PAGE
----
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14 May 2019 | Story Thabo Kessah | Photo Tsepo Moeketsi
Prof Ashafa
Prof Ashafa’s research documents plants used by the Basotho in the management of different ailments.

The Phytomedicine and Phytopharmacology Research Programme (PPRP) in the Department of Plant Sciences on the Qwaqwa Campus researches the biological effects of medicinal plants used in the folkloric medicine of the Eastern Free State, particularly to explore the values and contribution of indigenous knowledge systems (IKS) towards broader scientific research. This is according to the programme’s principal investigator and researcher, NRF C2-rated researcher, Professor Anofi Ashafa. 

 “Our research is mainly aimed at documenting plants used by the Basotho in the management of different ailments and to further discover, isolate, and purify active phytoconstituents that are responsible for disease curation or amelioration, thereby assisting in the global promotion of accessible and affordable medication in developing countries,” said Prof Ashafa. 

Since 2012, the PPRP has worked extensively on Basotho medicinal plants (BMP) used as antimicrobials, antioxidants, antidiabetics, antitubercular, anticancer, anthelmintic, and antidiarrheal agents, starting from biological activities up to the  evaluation of the toxicity of these plants for the kidney, liver, and heart functions in order to establish safe dosage parameters. These activities have led to the discovery of four potent antidiabetic biomolecules that are awaiting the processes of patency and commercialisation. Additional outputs include 104 published peer-reviewed articles , 7 postdoctoral fellows, 6 PhDs, 9 master’s, and 16 honours graduates.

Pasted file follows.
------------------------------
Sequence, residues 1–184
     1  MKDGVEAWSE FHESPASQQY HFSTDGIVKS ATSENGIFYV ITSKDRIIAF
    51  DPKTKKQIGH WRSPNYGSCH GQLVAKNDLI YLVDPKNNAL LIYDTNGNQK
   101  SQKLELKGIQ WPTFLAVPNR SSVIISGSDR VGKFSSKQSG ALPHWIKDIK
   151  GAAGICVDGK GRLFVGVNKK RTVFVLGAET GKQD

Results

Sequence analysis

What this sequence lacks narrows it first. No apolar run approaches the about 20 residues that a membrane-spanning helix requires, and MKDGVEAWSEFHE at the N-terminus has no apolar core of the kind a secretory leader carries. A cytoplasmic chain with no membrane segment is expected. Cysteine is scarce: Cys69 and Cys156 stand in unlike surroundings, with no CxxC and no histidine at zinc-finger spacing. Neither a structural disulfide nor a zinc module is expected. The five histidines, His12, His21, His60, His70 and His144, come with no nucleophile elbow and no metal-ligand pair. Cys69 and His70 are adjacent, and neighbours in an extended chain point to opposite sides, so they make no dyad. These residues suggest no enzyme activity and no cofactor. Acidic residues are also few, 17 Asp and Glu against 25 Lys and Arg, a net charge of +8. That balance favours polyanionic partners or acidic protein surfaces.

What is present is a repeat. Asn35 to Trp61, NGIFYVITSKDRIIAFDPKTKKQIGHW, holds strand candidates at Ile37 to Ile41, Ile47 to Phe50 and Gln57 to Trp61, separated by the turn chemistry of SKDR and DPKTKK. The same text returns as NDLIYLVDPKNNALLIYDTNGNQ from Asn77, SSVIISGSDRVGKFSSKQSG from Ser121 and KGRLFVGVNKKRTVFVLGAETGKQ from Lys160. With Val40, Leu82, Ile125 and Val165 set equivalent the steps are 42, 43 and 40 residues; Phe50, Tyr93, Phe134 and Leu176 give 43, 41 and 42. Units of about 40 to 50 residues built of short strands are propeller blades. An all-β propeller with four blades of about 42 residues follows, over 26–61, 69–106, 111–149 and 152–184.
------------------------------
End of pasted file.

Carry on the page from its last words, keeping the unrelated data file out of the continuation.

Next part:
“Our research informs teaching and the development of expertise in ethnobotany, 
phytomedicine, and phytopharmacology in order to contribute to the National Development Plan (NDP) through human capacity development, skills, and knowledge transfer.

The group is also investigating some medicinal plants on the endangered red list of the South African National Biodiversity Institute (SANBI), through micropropagation and field trials as well as proposing conservation strategies to preserve these valuable species.

The PPRP consists of postdoctoral fellows, PhD, master’s, and honours students and research is done in collaboration with several local and international universities as well as the Agricultural Research Council of South Africa. 


News Archive

‘This university gives me hope’
2013-10-02

 
4 October 2013
Photo: Stephen Collett

“This is a university that gives me hope. It has a willingness and a capacity to care,” Brand Pretorius said at a farewell function at the UFS.

He served the university as honorary professor in the Department of Business Management since 1991 and delivered the Brand Pretorius lecture for the past two decades. His recent lecture dealt with the topic “Guidelines for sustainable personal success in business – lessons I learnt”.

He retired as CEO of McCarthy and as an executive director of the Bidvest Group on 1 March 2011. Currently he serves as a non-executive director on the boards of the Barclays Africa Group, Reunert, RGT Smart, Tata Africa Holdings and Tongaat Hulett. He is the non-executive chairman of Italtile Limited.

Pretorius said at the farewell function the UFS is still a source of inspiration and pride. The leadership has a lot of courage and commitment and embraced change. “They embraced the fact that we are living in a different world.

“The vision of the UFS is inspirational. It wants to be recognised for academic and research excellence. The university became a pioneer in reconciliation in a very difficult world. Change comes with pain, and the UFS dealt with it in a worthy manner.

“I am proud of this institution because it still strives for high standards, the right principles and values and it has respect for all people.”

Pretorius said the university’s heart is in the right place. “It is a beacon of hope of what the rainbow nation will be in South Africa one day. Reconciliation is a sign that this is happening.”

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